Why Mandating Mediation Will Not Be Effective For Litigants In Commercial Disputes
Recently, private solutions such as mediation and online arbitration are increasingly being endorsed in India to resolve commercial disputes. India has had a legal framework in place for arbitration and conciliation since 1996. To formalise mediation in India, the Mediation Bill is underway. This Bill proposes to mandate Pre-litigation Mediation for civil and commercial disputes. While the intent of this proposal is to reduce judicial burden, how does this impact a party to a dispute?
What Is Pre-Litigation Mediation?
Pre-Litigation Mediation under the proposed law means that any party, who wishes to file a civil or commercial suit in a court, must first attempt to settle the dispute by mediation. The law allows the parties to proceed to court only if the mediation fails. It further mandates both parties to participate in at least two mediation sessions. Even if the parties do not have a mediation agreement in place, they must engage in mediation prior to litigation. If mediation fails, due to the non-appearance of any party in the first two sessions, the courts are empowered to impose penalties on the defaulting party as they deem fit during subsequent litigation.
This is not the first attempt in India to statutorily mandate that litigants resort to mediation before filing a suit. In 2018, Section 12A was inserted in the Commercial Courts Act, 2015, with similar provisions. According to the Act, a commercial suit cannot be filed in court unless the parties first attempt to resolve their dispute through mediation. The settlement arrived at by the parties during the Pre-institution Mediation process will have the effect of an arbitral award.
An assessment of the working of this provision under the Commercial Courts Act can provide some valuable insights for the successful working and impact of the proposed mediation law.
Has Mandating Mediation Worked?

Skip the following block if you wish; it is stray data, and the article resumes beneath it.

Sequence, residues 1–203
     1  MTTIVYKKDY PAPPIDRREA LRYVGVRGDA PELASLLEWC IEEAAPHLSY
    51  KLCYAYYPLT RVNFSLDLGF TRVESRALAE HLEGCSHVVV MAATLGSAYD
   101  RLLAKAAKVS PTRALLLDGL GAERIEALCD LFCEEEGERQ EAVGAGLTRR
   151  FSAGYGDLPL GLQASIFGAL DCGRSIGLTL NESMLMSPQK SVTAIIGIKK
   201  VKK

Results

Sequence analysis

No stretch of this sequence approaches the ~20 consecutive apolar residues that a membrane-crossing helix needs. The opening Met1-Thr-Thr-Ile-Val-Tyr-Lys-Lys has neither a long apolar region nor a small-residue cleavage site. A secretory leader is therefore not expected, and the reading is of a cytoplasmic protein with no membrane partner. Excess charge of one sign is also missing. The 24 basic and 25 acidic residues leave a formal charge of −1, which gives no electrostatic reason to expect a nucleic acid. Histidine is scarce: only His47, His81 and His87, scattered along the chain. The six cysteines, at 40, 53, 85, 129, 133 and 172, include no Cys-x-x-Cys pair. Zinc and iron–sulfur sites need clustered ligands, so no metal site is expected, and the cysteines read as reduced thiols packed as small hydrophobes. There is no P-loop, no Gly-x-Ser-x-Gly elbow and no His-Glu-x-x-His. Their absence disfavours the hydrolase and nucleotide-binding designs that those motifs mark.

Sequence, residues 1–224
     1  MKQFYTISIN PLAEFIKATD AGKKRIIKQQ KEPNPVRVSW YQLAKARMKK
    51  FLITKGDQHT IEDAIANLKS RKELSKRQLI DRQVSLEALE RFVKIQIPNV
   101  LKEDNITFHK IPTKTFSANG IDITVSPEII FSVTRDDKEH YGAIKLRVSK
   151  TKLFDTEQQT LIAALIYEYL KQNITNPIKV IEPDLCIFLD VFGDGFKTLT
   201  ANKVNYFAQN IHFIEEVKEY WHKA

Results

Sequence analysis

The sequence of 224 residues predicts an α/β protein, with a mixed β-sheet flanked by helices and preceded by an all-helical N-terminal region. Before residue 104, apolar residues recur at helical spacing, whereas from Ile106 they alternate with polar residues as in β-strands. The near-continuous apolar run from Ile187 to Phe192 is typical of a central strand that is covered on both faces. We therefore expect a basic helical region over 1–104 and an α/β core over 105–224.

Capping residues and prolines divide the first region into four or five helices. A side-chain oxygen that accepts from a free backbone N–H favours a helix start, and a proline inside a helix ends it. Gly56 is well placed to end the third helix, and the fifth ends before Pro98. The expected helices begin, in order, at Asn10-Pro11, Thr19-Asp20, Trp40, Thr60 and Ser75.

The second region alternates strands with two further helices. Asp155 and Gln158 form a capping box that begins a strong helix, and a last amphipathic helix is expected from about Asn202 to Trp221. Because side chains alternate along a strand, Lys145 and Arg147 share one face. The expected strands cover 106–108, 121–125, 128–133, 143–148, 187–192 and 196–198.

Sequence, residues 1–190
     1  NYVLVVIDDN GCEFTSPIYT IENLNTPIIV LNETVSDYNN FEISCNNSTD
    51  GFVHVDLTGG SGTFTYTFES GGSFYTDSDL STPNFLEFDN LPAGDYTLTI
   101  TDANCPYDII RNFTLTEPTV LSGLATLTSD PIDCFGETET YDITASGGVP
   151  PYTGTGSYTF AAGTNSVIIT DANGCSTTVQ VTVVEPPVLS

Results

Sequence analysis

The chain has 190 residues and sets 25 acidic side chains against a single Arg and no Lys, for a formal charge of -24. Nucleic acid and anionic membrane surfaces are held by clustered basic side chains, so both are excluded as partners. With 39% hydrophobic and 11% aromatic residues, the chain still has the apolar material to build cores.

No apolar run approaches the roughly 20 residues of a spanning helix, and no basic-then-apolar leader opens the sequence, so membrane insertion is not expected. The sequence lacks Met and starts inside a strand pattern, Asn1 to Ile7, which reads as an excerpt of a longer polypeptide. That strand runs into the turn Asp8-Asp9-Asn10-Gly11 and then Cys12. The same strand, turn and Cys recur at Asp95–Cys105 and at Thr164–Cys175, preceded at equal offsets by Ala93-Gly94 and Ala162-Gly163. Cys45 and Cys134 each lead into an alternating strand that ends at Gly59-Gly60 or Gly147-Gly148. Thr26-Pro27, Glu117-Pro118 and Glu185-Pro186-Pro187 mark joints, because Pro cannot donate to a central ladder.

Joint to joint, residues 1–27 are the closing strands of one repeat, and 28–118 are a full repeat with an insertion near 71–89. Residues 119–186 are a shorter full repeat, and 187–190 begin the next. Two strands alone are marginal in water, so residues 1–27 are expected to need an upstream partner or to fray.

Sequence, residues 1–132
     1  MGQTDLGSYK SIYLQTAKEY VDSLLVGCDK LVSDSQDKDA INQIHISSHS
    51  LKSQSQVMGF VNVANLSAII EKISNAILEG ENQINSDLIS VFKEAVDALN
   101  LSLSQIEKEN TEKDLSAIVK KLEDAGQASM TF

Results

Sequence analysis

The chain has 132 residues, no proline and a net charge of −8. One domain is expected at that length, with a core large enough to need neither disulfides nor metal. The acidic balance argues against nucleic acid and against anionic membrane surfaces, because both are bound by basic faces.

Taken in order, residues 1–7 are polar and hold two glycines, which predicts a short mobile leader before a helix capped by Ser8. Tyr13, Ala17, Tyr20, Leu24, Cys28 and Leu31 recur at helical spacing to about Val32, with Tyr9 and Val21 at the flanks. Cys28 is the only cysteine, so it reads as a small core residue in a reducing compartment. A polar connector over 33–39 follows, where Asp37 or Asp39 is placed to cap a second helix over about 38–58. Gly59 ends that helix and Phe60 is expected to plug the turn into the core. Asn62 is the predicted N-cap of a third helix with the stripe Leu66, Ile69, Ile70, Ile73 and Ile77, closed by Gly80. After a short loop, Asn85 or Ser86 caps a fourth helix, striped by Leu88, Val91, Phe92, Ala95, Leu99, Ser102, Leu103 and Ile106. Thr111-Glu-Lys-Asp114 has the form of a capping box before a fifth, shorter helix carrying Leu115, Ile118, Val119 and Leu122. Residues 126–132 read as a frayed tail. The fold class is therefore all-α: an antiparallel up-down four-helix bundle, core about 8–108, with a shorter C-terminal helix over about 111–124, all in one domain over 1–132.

A litigant seeking to resolve a commercial dispute takes into consideration several factors. Crucial among these are two: certainty in the time taken for resolution and the monetary cost involved. The Commercial Courts Act that mandates mediation before the institution of a suit, prescribes that the mediation process must be completed within three months. While the monetary cost incurred by the litigant would include advocate fees, court fees and travel expenses, any delay in completing the resolution process has a direct impact on cost as well.
The figure below shows the total workload and the status of mediation applications, as reported on the e-Courts portal by district-level commercial courts in Mumbai. Across three years from 2020 to 2022, about 31% of total applications filed were pending for more than three months.
Further, the graph shows an increase in the number of applications received for mediation from 2020 to 2022 and a reduction in the total number of pending applications by about 50%. Correspondingly, there is an improvement in the disposal rates. Taken as a percentage of the total workload, the disposal rate in 2022 is almost two times that in 2021. But these disposal rates do not represent the success of the mediation process itself.
There are three types of disposals as laid down in the Commercial Courts Act and reported by the courts:
(i) Settled: Cases in which mediation was successful and the parties have amicably arrived at a mutual settlement;